Month: January 2011

Using DropBox to share PowerShell profile scripts across computers

I started using DropBox for several months ago and I love the way it syncs information across several computer I own. I put all the scripts under development in a DropBox folder and work on them from any PC I have access to. And, the changes are always there on all PCs. There is versioning too. This is simply awesome. Apart from the usual stuff like sharing documents, scripts, and photos, I also use DropBox to share my PowerShell profile scripts across all these computers I work on. All this is done automatically. I just need to set it up once and all my computers receive the changes to my profile script almost instantly. This is how I have been doing it: First, I have DropBox setup on all my computers. Second, I created a folder within DropBox folder and called it PowerShellProfiles. After this, I copied all my PowerShell profile scripts to the PowerShellProfiles folder on DropBox. BTW, I use two different profiles. One for PowerShell console/PowerGUI and another just for ISE. This is …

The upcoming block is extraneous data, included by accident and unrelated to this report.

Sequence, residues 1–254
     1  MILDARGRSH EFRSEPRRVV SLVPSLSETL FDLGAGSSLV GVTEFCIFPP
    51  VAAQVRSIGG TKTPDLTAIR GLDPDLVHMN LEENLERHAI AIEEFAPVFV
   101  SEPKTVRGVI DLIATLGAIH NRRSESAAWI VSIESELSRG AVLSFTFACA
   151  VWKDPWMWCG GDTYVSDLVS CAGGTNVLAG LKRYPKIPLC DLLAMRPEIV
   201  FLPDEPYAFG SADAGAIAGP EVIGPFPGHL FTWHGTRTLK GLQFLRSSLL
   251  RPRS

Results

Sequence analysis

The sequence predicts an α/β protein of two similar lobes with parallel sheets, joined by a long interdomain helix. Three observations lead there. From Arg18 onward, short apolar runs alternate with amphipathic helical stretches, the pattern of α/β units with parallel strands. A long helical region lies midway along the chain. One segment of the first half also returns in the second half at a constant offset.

Monitoring file creation using WMI and PowerEvents module

There are several ways we can create a file monitoring script using PowerShell. There is also a cmdlet in PowerShellPack called Start-FileSystemWatcher to monitor file /folder changes. However, none of these methods survive a exit at the console or wherever the script is running. This is because all these methods create a temporary event consumer. As I’d mentioned in an earlier post, Trevor’s PowerEvents module makes it very easy to create permanent event consumers in PowerShell. In today’s post, we shall look at how we can do that. Before we dig into that, let us first see how we can create a file monitoring script using PowerShell. Many people use CIM_DirectoryContainsFile class and create an event listener. This is how we use do that class in PowerShell.

As you see in the above output, what we get as a part of event data is just that string contained in $Event.SourceEventArgs.NewEvent.TargetInstance.PartComponent. Of course, if you are RegEx lover, you’d just parse that and find the name (extension, etc) of the new file that just got …